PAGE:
There is an appointed time for everything, and a time for every affair under the heavens. A time to give birth, and a time to die; a time to plant, and a time to uproot the plant. A time to kill, and a time to heal; a time to tear down, and a time to build. A time to weep, and a time to laugh; a time to mourn, and a time to dance. A time to scatter stones, and a time to gather them; a time to embrace, and a time to be far from embraces. A time to seek, and a time to lose; a time to keep, and a time to cast away. A time to rend, and a time to sew; a time to be silent, and a time to speak. A time to love, and a time to hate; a time of war, and a time of peace. Ecclesiastes 3: 1-8
We’ve all read the verses or at least heard the song. Every school choir seems to sing it at some point. It has been featured in movies and in books. Many reflections have been written about the words attributed to Solomon (although the author is not actually identified). But I believe there is a line that is missing, something that each of us experiences over and over throughout our lives – a time for change.
One could argue that every line in the passage is about change, and that is very true. Birth and death bring change as do tearing down and building up. Scattering and gathering can be catalysts for change as can seeking, losing, keeping, casting, rending, sewing, speaking, loving, etc. We are faced with changes, both large and small, time and time again, every day. I am reminded of this more and more each spring as graduation time is thrust upon us, whether we are ready or not.
My oldest, Rebecca, returned home from school yesterday after an emotional farewell to her roommates and her boyfriend who are graduating. They are moving on to the next stage of their lives, catapulting change not only on themselves but those around them. What will the future bring for them and for their loved ones? We can only guess. Jobs, graduate school, families, mortgages, and all that comes with moving into adulthood will now become reality for the Class of 2016. At every level – high school, college, and beyond, commencement brings change. Leaving home for the first time, leaving the comfort and safety of your school and friends, entering “the real world,” and saying goodbye are experienced by some for the very first time. For parents, whether it is your first child or your last, letting go is often accompanied by great heartache.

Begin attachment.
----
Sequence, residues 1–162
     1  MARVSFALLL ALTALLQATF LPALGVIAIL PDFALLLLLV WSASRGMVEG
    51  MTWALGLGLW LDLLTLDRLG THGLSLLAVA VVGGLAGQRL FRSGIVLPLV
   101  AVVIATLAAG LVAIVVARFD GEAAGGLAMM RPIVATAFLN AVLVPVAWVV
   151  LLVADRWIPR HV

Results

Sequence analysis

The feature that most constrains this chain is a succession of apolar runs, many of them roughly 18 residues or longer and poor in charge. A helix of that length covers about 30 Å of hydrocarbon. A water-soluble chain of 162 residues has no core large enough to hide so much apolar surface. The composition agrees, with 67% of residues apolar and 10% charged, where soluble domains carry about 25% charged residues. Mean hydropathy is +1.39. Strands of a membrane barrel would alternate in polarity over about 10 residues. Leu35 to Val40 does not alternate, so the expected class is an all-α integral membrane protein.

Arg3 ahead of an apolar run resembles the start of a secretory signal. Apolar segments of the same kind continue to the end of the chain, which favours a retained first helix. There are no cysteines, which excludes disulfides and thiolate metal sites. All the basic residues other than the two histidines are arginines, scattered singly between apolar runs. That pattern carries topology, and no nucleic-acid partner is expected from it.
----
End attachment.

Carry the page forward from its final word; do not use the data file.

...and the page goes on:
Though Rebecca has another year to go in college, the reality of change has really hit me this week. She will be entering her senior year at Mount St. Mary’s the same time that her sister, Katie, enters her senior year of high school. While one is looking at colleges, the other is looking at her future and trying to decide what it will hold. Both are eagerly planning and thinking about the next step while I hold my breath and close my eyes and still hear them cooing in their cribs, see them taking their first steps, feel them curled in my arms, so small and delicate and new. How has time passed so quickly? When did they get so big?
I think journalist Sydney Harris summed it up best when he said, “Our dilemma is that we hate change and love it at the same time; what we really want is for things to remain the same but get better.” We know that change is good and that with each change, we grow as a person and experience life more deeply, but we long for things to stay the same or to return to a time in the past. At least, I know I do. I have loved every minute of being a mom. I have laughed and cried at every stage of my daughters’ lives, and I know I will continue to do so as they leave home, go to school, get jobs, marry, have children, and become the people God intended them to be. But there will always be a part of me who wants to turn back the hands of time and just enjoy those moments that I see now were so fleeting.
Change is inevitable, and the only thing we can really do is embrace it. Let change help us to grow, at every age and at every stage. There is always something to reach for. Even changes that are bad, ones that rip us apart, can lead us to a new understanding, perhaps a new friend, a new way to look at life. No matter how hard the next few years will be for me as a parent, I ask that I have the courage to both accept and embrace the changes that are coming and to see each change as a blessing, a chance to learn and grow, and a new season to be welcomed.
Hope springs eternal in the human breast;
Man never Is, but always To be blest:
The soul, uneasy and confin’d from home,
Rests and expatiates in a life to come.
Amy Schisler is an award winning author of both children’s books and novels for readers of all ages. She lives with her husband and three daughters on the Eastern Shore of Maryland. Her latest book, Picture Me, is the recipient of an Illumination Award, placing it among the top three eBooks of 2015. Her next book, Whispering Vines, is now available for pre-order.
You may follow Amy on Facebook at http://facebook.com/amyschislerauthor on Twitter @AmySchislerAuth, on Goodreads at https://www.goodreads.com/amyschisler and on her web site http://amyschislerauthor.com.
Amy’s books: Crabbing With Granddad (2013), A Place to Call Home (2014), Picture Me (2015)